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Hand with Reflecting Sphere redux

With apologies to M. C. Escher.

Via.

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Prelibri poster

Prelibri poster

Poster design for Prelibri by Chikako Oguma.

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Braun lithographic print

Just one from a folio of 16 six-colour metallic offset lithographic prints to commemorate Braun’s classic hi-fi range. Published in limited numbers to mark the end of hi-fi production at Braun in 1990.

Via eBay.

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Anton Bruehl

Swimsuit advertisement from 1951, photographed by Anton Bruehl (1900 – 1982).

Via QUT Art Museum.

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Charlotte Perriand: Nuage

Charlotte Perriand: Nuage

Cassina have reissued Charlotte Perriand‘s Nuage modular system of sideboards and bookcases originally designed back in the 1950’s.

Shown above is a promotion for the original range from 1956 and a photograph of the system in use at the library for the Air France office in London, 1957.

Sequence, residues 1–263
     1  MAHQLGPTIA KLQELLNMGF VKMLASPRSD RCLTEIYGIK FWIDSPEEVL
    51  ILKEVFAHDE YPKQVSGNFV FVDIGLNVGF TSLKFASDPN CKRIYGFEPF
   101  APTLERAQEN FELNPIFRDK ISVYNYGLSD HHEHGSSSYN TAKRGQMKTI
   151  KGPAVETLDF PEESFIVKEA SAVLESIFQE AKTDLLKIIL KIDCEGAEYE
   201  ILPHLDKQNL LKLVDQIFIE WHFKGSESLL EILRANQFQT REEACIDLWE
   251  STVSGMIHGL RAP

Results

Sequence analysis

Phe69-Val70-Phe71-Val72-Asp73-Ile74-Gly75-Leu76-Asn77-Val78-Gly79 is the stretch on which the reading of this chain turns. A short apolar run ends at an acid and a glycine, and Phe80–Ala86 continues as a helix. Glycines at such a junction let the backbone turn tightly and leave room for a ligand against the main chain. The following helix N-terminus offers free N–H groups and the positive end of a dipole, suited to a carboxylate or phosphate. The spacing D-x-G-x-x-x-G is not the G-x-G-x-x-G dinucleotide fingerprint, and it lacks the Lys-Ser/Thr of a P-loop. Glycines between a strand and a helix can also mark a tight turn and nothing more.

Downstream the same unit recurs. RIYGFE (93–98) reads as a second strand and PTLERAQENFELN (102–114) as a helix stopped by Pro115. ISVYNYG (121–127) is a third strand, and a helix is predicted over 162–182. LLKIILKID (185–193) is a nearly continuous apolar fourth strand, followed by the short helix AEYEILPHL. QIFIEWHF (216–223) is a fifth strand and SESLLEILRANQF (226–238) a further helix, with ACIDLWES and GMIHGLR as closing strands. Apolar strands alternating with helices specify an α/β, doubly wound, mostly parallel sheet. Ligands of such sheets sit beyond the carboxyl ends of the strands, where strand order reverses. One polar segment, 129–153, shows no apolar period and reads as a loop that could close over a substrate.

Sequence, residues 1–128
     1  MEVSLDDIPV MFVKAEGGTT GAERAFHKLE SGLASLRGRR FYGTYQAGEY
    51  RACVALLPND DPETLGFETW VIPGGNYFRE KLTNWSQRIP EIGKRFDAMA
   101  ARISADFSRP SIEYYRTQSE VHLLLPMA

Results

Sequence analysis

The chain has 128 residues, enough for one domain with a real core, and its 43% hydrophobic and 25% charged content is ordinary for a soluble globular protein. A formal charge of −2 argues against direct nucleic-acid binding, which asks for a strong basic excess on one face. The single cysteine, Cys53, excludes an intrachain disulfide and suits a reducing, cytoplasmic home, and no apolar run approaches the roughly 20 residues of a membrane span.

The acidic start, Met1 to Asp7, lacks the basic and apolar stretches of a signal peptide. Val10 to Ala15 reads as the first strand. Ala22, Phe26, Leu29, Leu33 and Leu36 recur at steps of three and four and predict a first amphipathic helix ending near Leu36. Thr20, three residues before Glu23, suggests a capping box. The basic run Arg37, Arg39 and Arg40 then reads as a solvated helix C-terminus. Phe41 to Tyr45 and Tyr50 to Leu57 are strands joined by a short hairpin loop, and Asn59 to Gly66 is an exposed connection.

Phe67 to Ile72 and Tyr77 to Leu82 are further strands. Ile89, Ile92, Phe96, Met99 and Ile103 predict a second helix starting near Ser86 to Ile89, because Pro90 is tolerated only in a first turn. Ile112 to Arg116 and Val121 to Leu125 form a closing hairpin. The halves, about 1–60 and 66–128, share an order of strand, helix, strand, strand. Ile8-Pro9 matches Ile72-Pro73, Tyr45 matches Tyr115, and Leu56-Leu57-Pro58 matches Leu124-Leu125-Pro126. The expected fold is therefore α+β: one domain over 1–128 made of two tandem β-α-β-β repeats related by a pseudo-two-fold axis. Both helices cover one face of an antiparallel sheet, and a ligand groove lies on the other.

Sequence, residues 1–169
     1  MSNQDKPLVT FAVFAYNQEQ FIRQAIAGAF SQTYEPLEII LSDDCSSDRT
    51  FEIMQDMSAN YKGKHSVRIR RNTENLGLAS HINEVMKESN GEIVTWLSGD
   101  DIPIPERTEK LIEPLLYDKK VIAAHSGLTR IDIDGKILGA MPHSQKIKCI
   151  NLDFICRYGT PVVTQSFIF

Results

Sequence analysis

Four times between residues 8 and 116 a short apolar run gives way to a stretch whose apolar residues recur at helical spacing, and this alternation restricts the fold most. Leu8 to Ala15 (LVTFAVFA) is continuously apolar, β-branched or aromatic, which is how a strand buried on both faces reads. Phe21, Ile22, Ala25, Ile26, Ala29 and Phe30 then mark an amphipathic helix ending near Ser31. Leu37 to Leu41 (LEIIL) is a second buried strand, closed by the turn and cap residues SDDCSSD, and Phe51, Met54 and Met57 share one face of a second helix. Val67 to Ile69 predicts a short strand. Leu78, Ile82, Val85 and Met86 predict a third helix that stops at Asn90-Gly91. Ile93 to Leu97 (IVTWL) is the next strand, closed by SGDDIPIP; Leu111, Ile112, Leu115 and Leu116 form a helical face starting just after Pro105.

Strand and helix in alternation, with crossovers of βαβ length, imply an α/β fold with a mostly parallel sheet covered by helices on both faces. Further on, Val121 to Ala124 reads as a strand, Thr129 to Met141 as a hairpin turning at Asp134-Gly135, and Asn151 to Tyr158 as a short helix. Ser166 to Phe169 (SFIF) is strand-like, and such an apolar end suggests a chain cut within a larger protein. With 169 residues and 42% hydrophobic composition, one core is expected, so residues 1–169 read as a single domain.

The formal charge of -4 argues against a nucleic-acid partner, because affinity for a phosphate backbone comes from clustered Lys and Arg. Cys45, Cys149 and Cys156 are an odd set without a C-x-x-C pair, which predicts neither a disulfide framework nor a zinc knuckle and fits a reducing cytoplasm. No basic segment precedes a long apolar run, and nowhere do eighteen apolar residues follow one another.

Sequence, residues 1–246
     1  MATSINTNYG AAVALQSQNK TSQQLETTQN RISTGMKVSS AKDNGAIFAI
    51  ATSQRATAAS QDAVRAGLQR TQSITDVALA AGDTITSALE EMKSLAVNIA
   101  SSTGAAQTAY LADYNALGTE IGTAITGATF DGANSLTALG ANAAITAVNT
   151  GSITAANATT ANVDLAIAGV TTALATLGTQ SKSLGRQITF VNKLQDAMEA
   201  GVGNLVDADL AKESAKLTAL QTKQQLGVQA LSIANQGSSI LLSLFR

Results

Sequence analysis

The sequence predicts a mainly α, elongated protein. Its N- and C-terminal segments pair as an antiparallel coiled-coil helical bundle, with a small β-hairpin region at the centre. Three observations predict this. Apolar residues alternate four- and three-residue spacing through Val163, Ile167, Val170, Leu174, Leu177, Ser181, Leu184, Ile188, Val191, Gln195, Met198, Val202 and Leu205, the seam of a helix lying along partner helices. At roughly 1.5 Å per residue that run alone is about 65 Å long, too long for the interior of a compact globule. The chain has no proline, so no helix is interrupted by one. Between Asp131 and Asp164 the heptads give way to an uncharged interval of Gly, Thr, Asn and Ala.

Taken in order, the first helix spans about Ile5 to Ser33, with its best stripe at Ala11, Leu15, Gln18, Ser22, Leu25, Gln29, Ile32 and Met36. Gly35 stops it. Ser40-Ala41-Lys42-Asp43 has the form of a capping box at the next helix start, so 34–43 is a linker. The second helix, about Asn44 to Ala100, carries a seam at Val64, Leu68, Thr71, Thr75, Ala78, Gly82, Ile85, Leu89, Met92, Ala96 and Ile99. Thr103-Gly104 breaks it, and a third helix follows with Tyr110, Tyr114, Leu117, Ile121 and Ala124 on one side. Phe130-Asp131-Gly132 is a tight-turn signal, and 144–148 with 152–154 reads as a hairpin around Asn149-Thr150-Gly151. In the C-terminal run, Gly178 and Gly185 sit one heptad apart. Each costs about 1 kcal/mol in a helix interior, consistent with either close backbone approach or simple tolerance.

Read on for images from the new range.

Read More

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Bot

Bot by Peter Konig.

Via Rude Mechanicals.

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Lifeguard pod

The handiwork of German engineer Ulrich Müther along with architect Dietrich Otto, this nicely appointed lifeguard pod can be found on the beach in Binz, on the German island of Rügen.

Photo by Harry Kulle.

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Ucycles

Minimal, back to basics urban bicycles, handmade in Italy, from Ucycles.

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Zaha girls

Architecture by Zaha Hadid.

Via Android Ghost.

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Basket Monks

komusō (虚無僧) was a Japanese mendicant monk of the Fuke school of Zen Buddhism, during the Edo period of 1600-1868.

Komusō were characterised by the straw basket (a sedge or reed hood named a tengai) worn on the head, manifesting the absence of specific ego. They are also known for playing solo pieces on the shakuhachi (a type of Japanese bamboo flute). The Japanese government introduced reforms after the Edo period, abolishing the sect.

Komusō means ‘priest of nothingness’ or ‘monk of emptiness’.

Via Retronaut.

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